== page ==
Donn's Articles » Sizing Europe

Sizing Europe

Henry de Bromhead was not at home for Christmas dinner yesterday. His wife Heather understands, thank God, and his two-year-old twins Jack and Mia will hopefully understand when they get a little older, that it’s not every year you have a horse with a chance in the King George.

The trainer left Knockeen in County Waterford on Friday morning in the horse box. The fact that the King George is set to be run tomorrow instead of today gave him an extra day at home, but Sizing Europe was travelling, so he was going with him. It isn’t that Christmas Day at home isn’t important, on the contrary it is desperately so, Christmas has always been a significant time for de Bromhead and, with two young kids now, the importance is heightened. But needs must. He has never not travelled with Europe. Maiden hurdle at Newbury in November 2006, Greatwood Hurdle at Cheltenham a year later, the deflation that was the 2008 Champion Hurdle and the renaissance that was the Arkle last March, de Bromhead has always been there, in the horse box, breathing every breath with his horse.

He could have stayed at home for Christmas, had Christmas dinner with his family instead of with his uncle, 40 minutes from Kempton, and flown over tomorrow morning. He could have trusted that Europe would have been okay with his lad and his physio, and he probably would have been, but the trainer just wouldn’t have been comfortable with that. He knows Sizing Europe now as well as he has ever known any horse, they have been through the mill together and out the other side, he knows his idiosyncrasies, what makes him tick.

It’s de Bromhead all over, leave nothing to chance. When your mission is to beat Kauto Star and history, you can’t afford to leave anything to chance.

Sizing Europe has four lengths to make up on the quadruple King George winner on their running at Down Royal, but there are reasons for believing that this is not Mission: Impossible.

“We were delighted with him at Down Royal,” says de Bromhead. “He slipped going into the first fence, and scared himself a little, with the result that he was very cautious over the next few fences, he took a little while to warm to it. He gave away ground by going wide the whole way, so it may have been a very good run. Also, he will come on for that a fair bit.”

He talks about knowing the horse, about building him up gradually this season, more so than last term, when he had already won twice before Christmas. He talks about the horse being at his best when he is fresh. The day that he put up what was probably the best performance of his career over hurdles, Irish Champion Hurdle day at Leopardstown in January 2008 when he beat Hardy Eustace and Al Eile by eight lengths, he was having his first run since the Greatwood Hurdle the previous November. Two runs this season to date, none for seven weeks, and he is fresh all right. Bursting for another.

He talks about Europe’s win in the Grade 1 two-mile novices’ chase at Leopardstown last Christmas. Even though he won, he didn’t jump with his usual alacrity, and the feeling was that Captain Cee Bee would have beaten him had he not crumpled on landing over the last. Immediately, de Bromhead got the physiotherapist back in, sorted out a couple of niggly things that had just been catching him. Won the Arkle. Now, the physio visits him at least once a week. Know your horse, leave nothing to chance.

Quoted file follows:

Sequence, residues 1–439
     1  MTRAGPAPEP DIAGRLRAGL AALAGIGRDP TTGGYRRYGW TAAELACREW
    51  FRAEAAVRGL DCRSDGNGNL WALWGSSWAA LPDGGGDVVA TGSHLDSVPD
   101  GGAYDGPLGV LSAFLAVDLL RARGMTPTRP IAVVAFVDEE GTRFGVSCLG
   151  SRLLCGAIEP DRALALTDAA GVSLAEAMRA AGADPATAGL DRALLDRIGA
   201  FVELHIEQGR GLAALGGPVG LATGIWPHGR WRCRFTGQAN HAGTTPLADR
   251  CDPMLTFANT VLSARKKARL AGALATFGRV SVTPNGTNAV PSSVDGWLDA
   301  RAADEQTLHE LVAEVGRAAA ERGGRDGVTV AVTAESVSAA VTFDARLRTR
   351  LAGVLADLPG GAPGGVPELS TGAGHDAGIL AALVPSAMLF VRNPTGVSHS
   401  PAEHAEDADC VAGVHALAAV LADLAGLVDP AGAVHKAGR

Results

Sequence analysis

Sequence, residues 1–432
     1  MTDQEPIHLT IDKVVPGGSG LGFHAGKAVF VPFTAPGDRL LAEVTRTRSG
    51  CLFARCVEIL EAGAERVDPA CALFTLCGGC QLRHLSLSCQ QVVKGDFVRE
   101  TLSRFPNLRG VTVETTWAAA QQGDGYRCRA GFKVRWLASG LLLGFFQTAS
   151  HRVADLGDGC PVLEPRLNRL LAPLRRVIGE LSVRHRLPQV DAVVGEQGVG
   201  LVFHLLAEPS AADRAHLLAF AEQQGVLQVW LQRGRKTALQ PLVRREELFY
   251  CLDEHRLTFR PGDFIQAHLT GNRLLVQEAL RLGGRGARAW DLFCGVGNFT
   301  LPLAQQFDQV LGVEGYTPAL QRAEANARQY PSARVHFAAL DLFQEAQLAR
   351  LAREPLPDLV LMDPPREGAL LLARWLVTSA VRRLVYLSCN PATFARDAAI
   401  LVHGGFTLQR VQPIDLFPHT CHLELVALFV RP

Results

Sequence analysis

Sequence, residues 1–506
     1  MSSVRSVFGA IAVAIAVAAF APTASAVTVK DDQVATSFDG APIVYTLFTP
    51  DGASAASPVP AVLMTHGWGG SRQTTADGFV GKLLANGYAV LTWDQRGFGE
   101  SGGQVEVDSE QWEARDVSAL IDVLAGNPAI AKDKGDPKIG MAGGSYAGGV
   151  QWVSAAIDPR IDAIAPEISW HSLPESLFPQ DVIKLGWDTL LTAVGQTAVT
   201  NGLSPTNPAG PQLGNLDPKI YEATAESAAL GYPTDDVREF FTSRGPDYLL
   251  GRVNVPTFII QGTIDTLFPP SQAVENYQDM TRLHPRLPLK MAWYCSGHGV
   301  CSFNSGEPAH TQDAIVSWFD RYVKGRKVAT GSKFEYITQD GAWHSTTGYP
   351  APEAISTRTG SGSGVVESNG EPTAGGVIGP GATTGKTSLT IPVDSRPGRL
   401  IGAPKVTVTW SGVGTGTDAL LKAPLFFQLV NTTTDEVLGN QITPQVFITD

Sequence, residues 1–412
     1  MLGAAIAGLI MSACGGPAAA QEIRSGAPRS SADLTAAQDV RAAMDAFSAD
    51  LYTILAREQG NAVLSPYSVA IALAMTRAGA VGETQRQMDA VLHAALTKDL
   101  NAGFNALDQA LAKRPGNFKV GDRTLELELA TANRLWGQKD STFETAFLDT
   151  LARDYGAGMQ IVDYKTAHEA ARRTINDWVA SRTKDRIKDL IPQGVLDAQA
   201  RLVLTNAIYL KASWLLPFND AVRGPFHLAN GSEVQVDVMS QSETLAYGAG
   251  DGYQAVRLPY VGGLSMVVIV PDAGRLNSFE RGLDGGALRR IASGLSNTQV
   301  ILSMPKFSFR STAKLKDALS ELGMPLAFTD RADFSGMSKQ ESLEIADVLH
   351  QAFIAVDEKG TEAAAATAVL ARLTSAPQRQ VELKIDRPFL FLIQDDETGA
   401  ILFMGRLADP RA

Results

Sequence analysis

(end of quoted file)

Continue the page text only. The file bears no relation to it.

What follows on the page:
“He seems to be taking a little while to adapt to going at three-mile pace,” says the trainer thoughtfully. “Last year, he was flat to the mat the whole way in his races, he was able to attack his fences and he jumped super. This year it’s a little different, he’s meeting his fences at a different pace. Also, it’s just his second season jumping fences and he is suddenly in the big league. Last year we could afford to be cautious, Andrew (Lynch) could afford to keep him wide, you’re on the best horse, just keep him out of trouble. This year, we probably need to be a little more daring.”

The decision to step Sizing Europe up in trip this season drew plenty of comment. Arkle winner one year, Champion Chase contender the next, that’s the accepted and logical path. Indeed, he is still priced up at as short as 7/1 by some bookmakers for the Champion Chase. That said, it is not an unusual step. Recent Gold Cup winners Best Mate, Kicking King, War Of Attrition, even Kauto Star himself, were all two-mile chasers the season before they won the Blue Riband.

“Europe was always a horse with a high cruising speed who perhaps didn’t have a sprint finish,” says de Bromhead. “The times on which he was caught out were the times that they went slow early on and then did him for a turn of foot. He won his beginners’ chase over two and a half miles, and he always looked like a horse who could get a trip. Also, both for me and for his owners Alan and Ann Potts, if you could have a King George or a Gold Cup horse, that would just be the pinnacle.”

Sizing Europe may be that horse. Mission: You’d Just Never Know.

© The Sunday Times, 26th December 2010